Last night before he fell asleep, JJ told me that he thought he might be starting to lose his hair already. He thought there was a little bald spot near his temple. “You aren’t going to cry about me losing my hair, are you?” he asked. No, I said. I’ll just go around saying, “Shiny!” (A quote from Firefly, a favorite TV series from 2002-2003.) Or I’ll use your bald head to reflect light and signal for help. He replied, “I could be like Captain Picard on Star Trek and say, ‘Make it so!'” “Excellent idea!” I thought I’d order JJ a Star Trek hat and/or T-shirt for when his hair falls out…if it does.
We didn’t have to be at the Cancer Center until 11 a.m., so everyone got to sleep in. My alarm is always set for an hour and a half before we have to leave, although I often get up earlier. Once everyone is up, there is a flurry of busyness to get ready, get the pets fed, make sure we have everything packed that we want to take with us, and so forth. Today we packed EJ’s laptop. His laptop is smaller than mine and more manageable in the small rooms we find ourselves in. EJ and I shared the laptop. Some of this post was written in JJ’s infusion room.
Every day we are in a different room. We were scheduled to be in Infusion Room 10 today, but we were given Room 2. All the rooms are small, but this one seemed particularly small and there was no window. It’s just as well that we were in this room because we weren’t there long before there was a Code Blue at the end of the hall across from Room 10. The hallway was filled with medical staff attending to the patient who, EJ heard, had suffered an allergic reaction to her meds. We were concerned about this patient, and I prayed that she would be ok. Later, a nurse came to our room to tell us that the patient was going to be ok, and that she was moved to another part of the hospital. This incident brings home the life and death seriousness of where we are at.
Periodically during our hospital visits, whether we were waiting as JJ was in surgery or while sitting in the Cancer Center, we’ve heard lullaby music played over the PA systems. We speculated about what it meant. I just realized when I heard it today that–Duh!–lullabies and babies go together so that it probably meant that a baby had just been born at the hospital. I researched it and discovered that I was right. What a wonderful reminder, in the midst of sickness and pain and Code Blues, of the joy of a new life!
Because of his young age, JJ could have been placed with either the pediatric cancer patients or the adults. He was placed with the adults. EJ said he was glad JJ wasn’t in the pediatric department because he couldn’t have endured seeing the little children suffering. JJ is the youngest patient among the adults. All the others that we have seen are middle-aged or older. It’s hard sometimes walking by the Infusion rooms and seeing suffering people inside. I pray for them.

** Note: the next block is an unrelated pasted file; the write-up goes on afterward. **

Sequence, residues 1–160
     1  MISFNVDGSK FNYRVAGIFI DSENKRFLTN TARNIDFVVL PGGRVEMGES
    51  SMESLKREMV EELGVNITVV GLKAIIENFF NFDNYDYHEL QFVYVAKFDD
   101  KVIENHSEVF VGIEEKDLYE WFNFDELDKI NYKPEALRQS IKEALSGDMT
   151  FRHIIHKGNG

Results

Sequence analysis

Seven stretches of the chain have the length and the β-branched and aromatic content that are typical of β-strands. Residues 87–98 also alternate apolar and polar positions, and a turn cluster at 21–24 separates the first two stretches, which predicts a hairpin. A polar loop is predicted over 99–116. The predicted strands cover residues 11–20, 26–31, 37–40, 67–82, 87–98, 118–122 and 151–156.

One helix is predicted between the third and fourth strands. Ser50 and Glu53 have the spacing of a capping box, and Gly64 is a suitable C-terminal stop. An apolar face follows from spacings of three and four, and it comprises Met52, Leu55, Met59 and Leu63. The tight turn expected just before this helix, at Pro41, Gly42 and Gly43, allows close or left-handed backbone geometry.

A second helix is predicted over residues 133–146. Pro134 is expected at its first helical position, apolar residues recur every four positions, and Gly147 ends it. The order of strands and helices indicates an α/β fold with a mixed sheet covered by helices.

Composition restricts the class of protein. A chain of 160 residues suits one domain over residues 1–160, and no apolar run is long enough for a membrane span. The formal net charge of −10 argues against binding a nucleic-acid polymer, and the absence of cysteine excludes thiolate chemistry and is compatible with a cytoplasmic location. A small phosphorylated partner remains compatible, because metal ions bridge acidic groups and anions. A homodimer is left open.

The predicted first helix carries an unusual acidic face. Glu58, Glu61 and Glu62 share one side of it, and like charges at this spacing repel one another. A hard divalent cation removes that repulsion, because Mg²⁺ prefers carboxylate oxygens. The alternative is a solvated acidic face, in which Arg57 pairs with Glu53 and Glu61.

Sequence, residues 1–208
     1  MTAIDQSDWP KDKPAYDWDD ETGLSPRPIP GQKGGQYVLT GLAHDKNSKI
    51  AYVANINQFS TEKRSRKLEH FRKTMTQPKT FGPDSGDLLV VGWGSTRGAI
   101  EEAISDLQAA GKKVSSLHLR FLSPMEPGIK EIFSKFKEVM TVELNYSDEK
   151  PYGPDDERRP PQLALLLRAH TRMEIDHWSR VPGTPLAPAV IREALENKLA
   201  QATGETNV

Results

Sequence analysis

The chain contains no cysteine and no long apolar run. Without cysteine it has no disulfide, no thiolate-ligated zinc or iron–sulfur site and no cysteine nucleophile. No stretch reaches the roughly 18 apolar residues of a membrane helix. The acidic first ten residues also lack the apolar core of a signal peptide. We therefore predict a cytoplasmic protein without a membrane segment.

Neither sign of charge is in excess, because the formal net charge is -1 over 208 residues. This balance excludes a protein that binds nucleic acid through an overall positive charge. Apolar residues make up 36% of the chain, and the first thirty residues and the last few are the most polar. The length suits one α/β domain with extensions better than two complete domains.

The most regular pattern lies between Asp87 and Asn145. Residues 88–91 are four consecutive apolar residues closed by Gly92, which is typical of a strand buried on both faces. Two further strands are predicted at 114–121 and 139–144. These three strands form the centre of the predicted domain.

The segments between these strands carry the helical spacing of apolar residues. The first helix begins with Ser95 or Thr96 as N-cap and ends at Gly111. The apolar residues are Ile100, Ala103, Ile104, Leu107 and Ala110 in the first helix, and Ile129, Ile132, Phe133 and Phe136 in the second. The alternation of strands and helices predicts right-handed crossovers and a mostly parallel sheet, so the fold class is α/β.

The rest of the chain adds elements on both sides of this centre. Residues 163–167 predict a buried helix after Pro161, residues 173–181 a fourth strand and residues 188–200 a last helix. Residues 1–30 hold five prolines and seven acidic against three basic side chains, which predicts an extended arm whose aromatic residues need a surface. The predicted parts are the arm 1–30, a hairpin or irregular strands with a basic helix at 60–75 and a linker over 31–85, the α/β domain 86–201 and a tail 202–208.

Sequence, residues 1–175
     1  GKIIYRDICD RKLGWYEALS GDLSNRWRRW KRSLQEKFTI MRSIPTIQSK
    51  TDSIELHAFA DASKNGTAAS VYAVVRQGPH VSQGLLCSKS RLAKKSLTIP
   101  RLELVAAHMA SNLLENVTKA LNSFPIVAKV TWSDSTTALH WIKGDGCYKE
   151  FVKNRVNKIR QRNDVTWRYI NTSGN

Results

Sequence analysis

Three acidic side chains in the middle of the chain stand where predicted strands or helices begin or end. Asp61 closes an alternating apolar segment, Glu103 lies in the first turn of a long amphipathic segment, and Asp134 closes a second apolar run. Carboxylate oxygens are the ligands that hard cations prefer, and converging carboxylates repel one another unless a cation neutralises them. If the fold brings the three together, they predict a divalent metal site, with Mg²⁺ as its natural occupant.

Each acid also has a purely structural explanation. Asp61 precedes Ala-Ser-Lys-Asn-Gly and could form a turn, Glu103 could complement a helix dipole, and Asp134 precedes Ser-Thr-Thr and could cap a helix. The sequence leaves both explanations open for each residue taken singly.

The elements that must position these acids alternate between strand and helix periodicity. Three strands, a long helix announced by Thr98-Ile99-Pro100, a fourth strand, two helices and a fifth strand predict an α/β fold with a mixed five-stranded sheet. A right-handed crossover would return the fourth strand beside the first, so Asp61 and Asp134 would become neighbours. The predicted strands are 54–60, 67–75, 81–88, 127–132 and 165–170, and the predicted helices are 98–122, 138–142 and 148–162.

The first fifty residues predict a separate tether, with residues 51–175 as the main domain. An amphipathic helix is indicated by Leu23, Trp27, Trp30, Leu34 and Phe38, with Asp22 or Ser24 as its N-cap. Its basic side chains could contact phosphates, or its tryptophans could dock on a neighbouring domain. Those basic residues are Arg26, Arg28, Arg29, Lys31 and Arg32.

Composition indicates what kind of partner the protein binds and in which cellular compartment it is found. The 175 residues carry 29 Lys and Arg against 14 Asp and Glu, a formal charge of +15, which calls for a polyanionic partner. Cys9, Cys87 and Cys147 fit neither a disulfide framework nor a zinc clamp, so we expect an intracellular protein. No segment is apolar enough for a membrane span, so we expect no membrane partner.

Last night JJ struggled with nausea. The nurse told him today that if it gets any worse, they will give him a different type of anti-nausea medication. Their goal, the nurse said, is for him not to experience any nausea at all.
The meds are making JJ more drowsy, and he is feeling less well. He sleeps most of the time while in his Infusion chair and at home. He is smiling less and struggling with lack of appetite. Sometimes JJ looks so young and vulnerable to me as he lays in his chair with toxic fluids being pumped into him. Still, he is always polite to the nurses and thanks them whenever they care for him.
Here are some pictures I took today:
As the nurse was preparing JJ to go home, she noted that he looked a bit flush and was retaining some fluid so tonight I have to watch carefully for signs of a temperature, itching, trouble breathing, and so forth. If he has those signs, I must call the Cancer Center right away. It’s possible that JJ will not be given chemo tomorrow if his symptoms continue.
On the way home, JJ asked if we could stop at his McDonald’s for a shake. Mostly, I think, he wanted to interact with his co-workers. When we came in, many–even more than yesterday–came up to tell JJ how much they missed him and to ask when he was coming back. The manager gave him a free meal. It really made JJ feel loved.
As soon as we came home, JJ fell asleep on the couch.